Cohen says Biden-Harris ticket should campaign in Memphis

By , Daily Memphian Updated: August 14, 2020 4:00 AM CT | Published: August 14, 2020 4:00 AM CT

U.S. Rep. Steve Cohen says he hopes the general election race for president will include some Memphis scenery, even though Tennessee isn’t considered a “battleground” state.

“There’s a possibility of a fundraiser, I think,” the Memphis Democrat said on The Daily Memphian Politics Podcast of a Biden-Harris rally.

<strong>Steve Cohen</strong>

Steve Cohen

“I’m just guessing because there’s a lot of enthusiasm for the ticket, and that’s a major part of the campaign is fundraising,” he said.

Four years ago, Democratic presidential nominee Hillary Clinton did a February 2016 campaign stop before the Tennessee primaries at several local churches well ahead of carrying the county as President Donald Trump took the state and its 11 electoral votes in the November general election.

“That did spillover into Arkansas and Mississippi, where there’s not much chance either,” Cohen said of the event’s impact. “Hillary might have thought she had an outside chance in Arkansas. I don’t think they will come here for votes. But they could come here for fundraising.”

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Cohen talked about the general election campaign the day after California Senator and one time Democratic presidential hopeful Kamala Harris was named as the vice presidential running mate by the party’s presidential nominee, former Vice President Joe Biden.

“Kamala Harris coming to the (National) Civil Rights Museum might be a story that has an effect around the country,” Cohen said. “It’s important for the Democrats to make an appearance and give the base a reason to cheer.”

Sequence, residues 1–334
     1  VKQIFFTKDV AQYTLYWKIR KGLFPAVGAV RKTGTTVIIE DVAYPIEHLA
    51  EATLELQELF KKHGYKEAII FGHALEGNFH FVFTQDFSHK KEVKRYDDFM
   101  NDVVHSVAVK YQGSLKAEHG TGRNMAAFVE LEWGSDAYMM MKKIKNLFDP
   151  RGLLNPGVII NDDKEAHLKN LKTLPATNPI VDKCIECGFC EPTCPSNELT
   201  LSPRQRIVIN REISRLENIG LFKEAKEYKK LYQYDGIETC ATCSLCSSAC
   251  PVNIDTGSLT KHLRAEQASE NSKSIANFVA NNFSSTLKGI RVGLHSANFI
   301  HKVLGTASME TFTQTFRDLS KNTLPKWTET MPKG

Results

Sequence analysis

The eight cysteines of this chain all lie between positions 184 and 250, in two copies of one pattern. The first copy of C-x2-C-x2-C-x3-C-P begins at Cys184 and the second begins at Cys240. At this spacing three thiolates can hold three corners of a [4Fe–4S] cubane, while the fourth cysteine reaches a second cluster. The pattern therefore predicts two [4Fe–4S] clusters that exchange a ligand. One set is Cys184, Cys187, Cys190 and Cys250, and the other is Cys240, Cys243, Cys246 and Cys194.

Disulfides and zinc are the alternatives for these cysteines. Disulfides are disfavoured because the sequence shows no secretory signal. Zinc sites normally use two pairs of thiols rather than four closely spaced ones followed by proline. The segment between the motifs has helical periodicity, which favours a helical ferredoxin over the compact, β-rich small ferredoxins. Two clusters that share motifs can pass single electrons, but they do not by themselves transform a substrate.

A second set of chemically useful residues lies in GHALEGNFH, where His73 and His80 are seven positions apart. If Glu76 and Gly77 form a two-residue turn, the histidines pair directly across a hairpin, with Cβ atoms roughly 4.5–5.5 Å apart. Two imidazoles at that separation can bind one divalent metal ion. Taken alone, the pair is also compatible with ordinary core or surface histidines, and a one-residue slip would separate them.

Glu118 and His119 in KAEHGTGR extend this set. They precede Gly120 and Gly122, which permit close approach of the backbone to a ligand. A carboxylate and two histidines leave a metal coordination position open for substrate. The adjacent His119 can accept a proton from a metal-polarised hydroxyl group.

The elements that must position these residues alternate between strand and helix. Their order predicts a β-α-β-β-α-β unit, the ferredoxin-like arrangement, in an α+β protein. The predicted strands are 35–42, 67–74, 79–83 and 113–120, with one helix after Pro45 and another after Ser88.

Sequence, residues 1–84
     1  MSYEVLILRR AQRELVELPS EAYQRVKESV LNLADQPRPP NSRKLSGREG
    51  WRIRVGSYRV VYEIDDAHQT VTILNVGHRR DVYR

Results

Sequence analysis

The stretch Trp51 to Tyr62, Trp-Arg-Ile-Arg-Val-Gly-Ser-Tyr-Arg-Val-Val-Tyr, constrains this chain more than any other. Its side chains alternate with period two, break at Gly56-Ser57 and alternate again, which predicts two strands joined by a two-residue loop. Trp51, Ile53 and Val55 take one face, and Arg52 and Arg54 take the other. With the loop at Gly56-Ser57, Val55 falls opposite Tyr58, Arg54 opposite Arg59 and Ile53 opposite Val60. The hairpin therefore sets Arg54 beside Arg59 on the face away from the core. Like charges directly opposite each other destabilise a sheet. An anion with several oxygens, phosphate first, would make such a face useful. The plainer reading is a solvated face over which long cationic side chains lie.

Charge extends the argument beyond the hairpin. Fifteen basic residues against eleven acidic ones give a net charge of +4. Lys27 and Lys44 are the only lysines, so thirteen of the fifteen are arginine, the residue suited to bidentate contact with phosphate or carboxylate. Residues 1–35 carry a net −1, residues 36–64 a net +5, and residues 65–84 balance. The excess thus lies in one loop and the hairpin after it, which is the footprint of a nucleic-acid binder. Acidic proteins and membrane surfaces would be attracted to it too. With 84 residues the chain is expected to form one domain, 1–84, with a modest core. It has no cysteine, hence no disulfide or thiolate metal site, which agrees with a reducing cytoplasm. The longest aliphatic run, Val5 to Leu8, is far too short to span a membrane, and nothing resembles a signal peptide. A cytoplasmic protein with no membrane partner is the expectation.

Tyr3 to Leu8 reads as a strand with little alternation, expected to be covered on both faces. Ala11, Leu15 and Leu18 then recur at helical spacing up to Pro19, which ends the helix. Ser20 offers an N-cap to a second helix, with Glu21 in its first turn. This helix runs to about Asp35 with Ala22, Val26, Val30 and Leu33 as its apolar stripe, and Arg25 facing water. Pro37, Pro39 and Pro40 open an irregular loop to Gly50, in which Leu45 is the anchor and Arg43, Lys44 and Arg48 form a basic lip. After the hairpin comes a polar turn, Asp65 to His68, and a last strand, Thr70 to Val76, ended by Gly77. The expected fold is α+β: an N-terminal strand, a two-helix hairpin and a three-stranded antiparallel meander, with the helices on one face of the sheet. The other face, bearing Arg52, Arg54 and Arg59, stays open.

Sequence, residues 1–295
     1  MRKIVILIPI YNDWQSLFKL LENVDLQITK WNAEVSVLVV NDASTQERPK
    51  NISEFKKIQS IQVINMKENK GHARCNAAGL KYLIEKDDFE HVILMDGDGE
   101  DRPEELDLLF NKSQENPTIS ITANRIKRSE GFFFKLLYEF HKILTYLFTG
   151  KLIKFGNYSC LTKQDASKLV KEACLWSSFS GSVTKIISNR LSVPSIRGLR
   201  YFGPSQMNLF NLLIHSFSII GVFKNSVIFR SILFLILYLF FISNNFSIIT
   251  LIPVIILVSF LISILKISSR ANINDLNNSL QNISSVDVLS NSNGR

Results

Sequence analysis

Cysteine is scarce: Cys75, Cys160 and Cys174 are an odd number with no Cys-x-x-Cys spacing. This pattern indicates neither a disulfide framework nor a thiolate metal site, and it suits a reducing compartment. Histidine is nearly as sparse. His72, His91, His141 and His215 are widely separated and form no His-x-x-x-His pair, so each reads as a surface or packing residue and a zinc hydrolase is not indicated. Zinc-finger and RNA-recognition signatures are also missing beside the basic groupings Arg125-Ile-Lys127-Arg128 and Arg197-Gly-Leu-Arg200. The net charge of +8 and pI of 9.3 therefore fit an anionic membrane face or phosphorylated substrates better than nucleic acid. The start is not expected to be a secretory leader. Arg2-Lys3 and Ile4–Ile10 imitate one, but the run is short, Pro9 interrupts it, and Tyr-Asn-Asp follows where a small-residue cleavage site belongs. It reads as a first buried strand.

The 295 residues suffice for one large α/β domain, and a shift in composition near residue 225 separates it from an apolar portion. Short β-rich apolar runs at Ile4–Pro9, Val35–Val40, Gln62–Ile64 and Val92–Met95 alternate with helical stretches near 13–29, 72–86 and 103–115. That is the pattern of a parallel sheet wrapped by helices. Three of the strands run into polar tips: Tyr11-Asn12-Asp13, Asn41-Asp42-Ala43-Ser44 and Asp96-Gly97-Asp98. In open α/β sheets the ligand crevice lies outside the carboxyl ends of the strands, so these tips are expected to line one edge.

As the city’s highest ranking Democratic elected official, Cohen has played a role in past presidential campaigns, including backing Clinton’s 2016 bid eight years after he was an early supporter of then-Sen. Barack Obama of Illinois for the party’s nomination in 2008 over Clinton.

Harris had a campaign event scheduled for Memphis during the presidential primaries but canceled it to devote more attention to bad poll numbers in Iowa.

Kamala Harris cancels Memphis appearance

Cohen talked with Harris as both were part of a delegation from the House and Senate attending the recent funeral of John Lewis before Biden announced Harris as his running mate.

“Kamala Harris has never been to Memphis. We had this discussion,” Cohen said. “She wants to come and she said they did some polling that showed she had high name recognition here.”

Vice President Mike Pence stopped at the National Civil Rights Museum in January as part of a visit to the city that included a more overt push for re-election of Trump later during a visit to Holy City Church of God in Christ in Raleigh.

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Cohen also said his win in the August Democratic presidential primary, with more than 80% of the vote over former local Democratic Party chairman Corey Strong, was a different kind of campaign with much less contact with the public.

“I couldn’t do that because I was in Washington 11 days in a row coming right up to election, voting and preparing for hearings I was involved in,” he said. “Because of the coronavirus, I didn’t think it was a good idea for me or my constituents for me to get out there and try to interact with them.”

Cohen watched the numbers closely, noting that he maintained his record of winning every precinct in the primary in every re-election effort since his first in 2008.

Cohen’s campaign track record

Cohen has vowed to run for re-election in 2022 – a vow he made in 2016 after some rumors and speculation about how long he would hold the seat to which he was first elected in 2006. He’s also talked about some of his former primary challengers being his successor.

But he rejected the idea during the podcast interview.

“I think my successor is probably serving in public office right now and learning things about the district and how to pass laws, how to interact with the federal government and all of the different things that you ought to do,” Cohen said.

He noted his 24 years in the state Senate, two years on the Shelby County Commission and before that his role as a delegate in a state constitutional convention in 1977.

“I had 27 years of preparation when I came to Congress. I’m not saying anybody should have 27 years,” he said. “But you ought to have several years in government knowing how it works and maybe making a mistake here and there and learning from your mistakes.”

Produced by Natalie Van Gundy

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Bill Dries

Bill Dries

Bill Dries covers city government and politics. He is a native Memphian and has been a reporter for more than 40 years.


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